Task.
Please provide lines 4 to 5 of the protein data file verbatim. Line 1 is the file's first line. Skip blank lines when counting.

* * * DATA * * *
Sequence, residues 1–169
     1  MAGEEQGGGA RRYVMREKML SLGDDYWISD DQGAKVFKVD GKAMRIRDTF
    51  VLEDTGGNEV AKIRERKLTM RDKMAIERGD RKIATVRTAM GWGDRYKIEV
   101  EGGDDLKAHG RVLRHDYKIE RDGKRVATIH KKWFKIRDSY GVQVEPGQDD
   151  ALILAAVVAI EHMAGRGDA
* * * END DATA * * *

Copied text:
   101  EGGDDLKAHG RVLRHDYKIE RDGKRVATIH KKWFKIRDSY GVQVEPGQDD
   151  ALILAAVVAI EHMAGRGDA